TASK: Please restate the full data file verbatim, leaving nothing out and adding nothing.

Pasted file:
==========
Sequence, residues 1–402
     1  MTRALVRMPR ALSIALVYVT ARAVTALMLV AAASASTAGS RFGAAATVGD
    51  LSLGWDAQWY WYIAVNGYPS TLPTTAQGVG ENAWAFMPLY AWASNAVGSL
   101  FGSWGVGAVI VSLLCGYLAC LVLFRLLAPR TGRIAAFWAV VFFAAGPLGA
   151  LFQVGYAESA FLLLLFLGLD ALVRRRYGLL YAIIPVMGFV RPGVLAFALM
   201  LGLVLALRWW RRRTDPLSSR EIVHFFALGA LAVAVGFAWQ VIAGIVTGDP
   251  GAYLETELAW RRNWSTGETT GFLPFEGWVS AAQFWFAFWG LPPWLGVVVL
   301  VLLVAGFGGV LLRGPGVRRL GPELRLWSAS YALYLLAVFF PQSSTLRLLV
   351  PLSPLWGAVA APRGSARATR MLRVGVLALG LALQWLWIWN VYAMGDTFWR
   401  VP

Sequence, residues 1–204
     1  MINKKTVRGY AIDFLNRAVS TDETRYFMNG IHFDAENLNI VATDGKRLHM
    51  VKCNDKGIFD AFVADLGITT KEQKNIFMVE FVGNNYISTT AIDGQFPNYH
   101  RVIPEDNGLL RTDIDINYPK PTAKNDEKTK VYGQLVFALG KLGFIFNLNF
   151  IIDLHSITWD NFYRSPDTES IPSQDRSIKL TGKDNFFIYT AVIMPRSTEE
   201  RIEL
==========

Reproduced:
Sequence, residues 1–402
     1  MTRALVRMPR ALSIALVYVT ARAVTALMLV AAASASTAGS RFGAAATVGD
    51  LSLGWDAQWY WYIAVNGYPS TLPTTAQGVG ENAWAFMPLY AWASNAVGSL
   101  FGSWGVGAVI VSLLCGYLAC LVLFRLLAPR TGRIAAFWAV VFFAAGPLGA
   151  LFQVGYAESA FLLLLFLGLD ALVRRRYGLL YAIIPVMGFV RPGVLAFALM
   201  LGLVLALRWW RRRTDPLSSR EIVHFFALGA LAVAVGFAWQ VIAGIVTGDP
   251  GAYLETELAW RRNWSTGETT GFLPFEGWVS AAQFWFAFWG LPPWLGVVVL
   301  VLLVAGFGGV LLRGPGVRRL GPELRLWSAS YALYLLAVFF PQSSTLRLLV
   351  PLSPLWGAVA APRGSARATR MLRVGVLALG LALQWLWIWN VYAMGDTFWR
   401  VP

Sequence, residues 1–204
     1  MINKKTVRGY AIDFLNRAVS TDETRYFMNG IHFDAENLNI VATDGKRLHM
    51  VKCNDKGIFD AFVADLGITT KEQKNIFMVE FVGNNYISTT AIDGQFPNYH
   101  RVIPEDNGLL RTDIDINYPK PTAKNDEKTK VYGQLVFALG KLGFIFNLNF
   151  IIDLHSITWD NFYRSPDTES IPSQDRSIKL TGKDNFFIYT AVIMPRSTEE
   201  RIEL